Some activities that engage the upper back include:

  • Carrying heavy bags
  • Pulling or pushing objects
  • Reaching for objects above your head
  • Household chores like sweeping, mopping, etc

Also, exercises like rowing, pull-ups, and back extensions can target and strengthen the muscles of the upper back [4]. We'll cover more on that later.

What Is a Red Flag & What Do They Mean?

Upper back pain is a common complaint, but in some cases, it could be a red flag for a more serious underlying medical issue.

In the medical field, red flags are symptoms or signs that indicate the possibility of a serious medical condition that requires prompt evaluation and treatment [7].

It's important to note that not all cases of upper back pain are indicative of a serious underlying medical issue, and most cases resolve with rest, exercise, physio, chiropractic practices, and proper posture [5].

However, if you experience any upper back pain red flags, it's crucial to seek medical attention promptly to rule out any serious conditions [7].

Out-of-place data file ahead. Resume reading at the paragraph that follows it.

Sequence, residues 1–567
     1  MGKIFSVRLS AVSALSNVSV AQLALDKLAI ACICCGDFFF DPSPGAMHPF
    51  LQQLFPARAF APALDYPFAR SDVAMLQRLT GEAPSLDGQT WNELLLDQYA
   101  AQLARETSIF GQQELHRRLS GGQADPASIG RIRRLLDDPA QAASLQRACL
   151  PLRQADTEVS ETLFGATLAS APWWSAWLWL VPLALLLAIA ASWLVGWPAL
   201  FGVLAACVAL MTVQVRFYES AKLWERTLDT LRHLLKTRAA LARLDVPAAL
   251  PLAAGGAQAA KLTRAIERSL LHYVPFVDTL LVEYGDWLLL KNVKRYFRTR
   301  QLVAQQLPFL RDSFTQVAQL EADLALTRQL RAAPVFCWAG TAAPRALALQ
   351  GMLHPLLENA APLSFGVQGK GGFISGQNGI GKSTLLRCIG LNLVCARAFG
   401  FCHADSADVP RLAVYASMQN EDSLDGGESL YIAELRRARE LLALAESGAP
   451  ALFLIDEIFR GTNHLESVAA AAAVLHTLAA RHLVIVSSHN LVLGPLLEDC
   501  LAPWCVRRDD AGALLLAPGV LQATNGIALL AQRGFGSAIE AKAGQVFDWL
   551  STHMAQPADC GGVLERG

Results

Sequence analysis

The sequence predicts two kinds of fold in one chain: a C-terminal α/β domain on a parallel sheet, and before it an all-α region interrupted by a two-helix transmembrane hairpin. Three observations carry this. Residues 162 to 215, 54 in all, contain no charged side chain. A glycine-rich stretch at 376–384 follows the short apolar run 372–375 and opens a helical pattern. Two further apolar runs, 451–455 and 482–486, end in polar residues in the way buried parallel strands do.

An infographic summarising all of the upper back pain red flags mentioned in the article.

What Are The Red Flags For Upper Back Pain?

Here are some common examples of upper back pain red flags to be aware of:

1. Trauma

If you have experienced a fall or injury that caused your upper back pain, seek medical attention right away [1].

2. Fever

A fever accompanied by upper back pain may indicate an infection and the back pain might be a sign of a systemic disorder [7].

3. Back pain at night

If you experience frequent upper back pain at night, this may be a sign of a serious underlying condition such as cancer or infection [5]. You can find a more detailed article dedicated to back pain at night here.

4. Unexplained weight loss

If you've got unexplained weight loss along with upper back pain, it may be a sign of a serious underlying condition attention [5].

5. Severe pain

Severe upper back pain that don't respond to over-the-counter medications should be taken seriously [5].

6. Loss of bladder or bowel control

This is a medical emergency and requires immediate medical attention as it may indicate a spinal cord injury [4].

7. Numbness or tingling

If you experience numbness or tingling in your upper back, it may be a sign of nerve compression, requiring medical management [5].

8. History of cancer

If you have a history of cancer and are experiencing upper back pain, it may be a sign of metastasis (spread of cancer) [7].

9. Pain that is not relieved with rest

If your pain is not relieved with rest and conservative measures, it may be a sign of a more serious underlying condition [5].